2010 census may be forced back to paper

2010 Census: Costs and Risks Must be Closely Monitored

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Problems with implementing handheld mobile computing devices could force the 2010 census back to year 2000-style paper canvassing, a Government Accountability Office official said this week.

“The Bureau could be faced with the remote but daunting possibility of having to revert to the costly, paper-based census used in 2000,” said Brenda Farrell, acting director of strategic issues at GAO. Farrell testified June 6 before the Senate Homeland Security and Governmental Affairs Committee's Federal Financial Management, Government Information, and International Security Subcommittee.

Farrell said that a 2004 census test run showed that local Census Bureau offices needed additional employees and more room to store the devices. The devices also had reliability problems in past tests. Although the bureau has contracted for a design overhaul of the devices, the new ones will not be ready in time for the 2008 census dress rehearsal, she said.

In her testimony, Farrell warned that the bureau's increased reliance on contract workers could become a problem. She also said the projected cost of the census data capture system has ballooned from $49 million to $238 million.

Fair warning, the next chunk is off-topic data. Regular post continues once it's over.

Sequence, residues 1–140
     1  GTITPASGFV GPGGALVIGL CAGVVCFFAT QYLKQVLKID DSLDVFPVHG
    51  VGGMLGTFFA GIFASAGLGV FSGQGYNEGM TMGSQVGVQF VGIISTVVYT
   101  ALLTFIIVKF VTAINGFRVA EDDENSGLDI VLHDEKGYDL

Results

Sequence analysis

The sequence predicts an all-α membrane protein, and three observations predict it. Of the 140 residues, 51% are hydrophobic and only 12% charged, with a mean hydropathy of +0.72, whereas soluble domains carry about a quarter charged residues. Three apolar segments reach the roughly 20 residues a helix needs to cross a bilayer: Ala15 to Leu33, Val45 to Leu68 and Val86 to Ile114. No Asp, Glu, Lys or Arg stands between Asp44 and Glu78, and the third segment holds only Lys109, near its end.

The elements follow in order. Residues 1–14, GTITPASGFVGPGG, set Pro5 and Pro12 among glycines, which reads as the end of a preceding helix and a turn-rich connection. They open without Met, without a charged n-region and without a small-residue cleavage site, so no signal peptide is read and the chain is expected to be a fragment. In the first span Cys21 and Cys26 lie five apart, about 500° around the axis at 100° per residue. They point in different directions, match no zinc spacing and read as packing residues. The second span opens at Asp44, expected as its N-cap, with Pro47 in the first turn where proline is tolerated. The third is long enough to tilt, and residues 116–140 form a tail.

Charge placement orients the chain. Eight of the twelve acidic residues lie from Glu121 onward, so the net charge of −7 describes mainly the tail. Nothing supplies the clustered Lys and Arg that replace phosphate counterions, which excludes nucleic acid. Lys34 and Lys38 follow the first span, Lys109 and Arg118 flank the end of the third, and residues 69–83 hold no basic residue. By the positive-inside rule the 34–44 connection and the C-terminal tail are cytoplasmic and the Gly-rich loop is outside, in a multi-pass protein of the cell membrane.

Farrell's testimony was not the first warning that GAO has issued about the upcoming census. In a report it released May 18, GAO wrote that changes in contract milestones could affect the bureau's ability to develop fully functional systems and a means to evaluate those systems by the dress rehearsal date. The bureau has missed milestones because of delayed contract awards and solicitations changes.

Farrell pointed out that the bureau has no risk mitigation plans in place to address specific challenges, including the need to apportion additional resources to update map files for areas affected by hurricanes Rita and Katrina.

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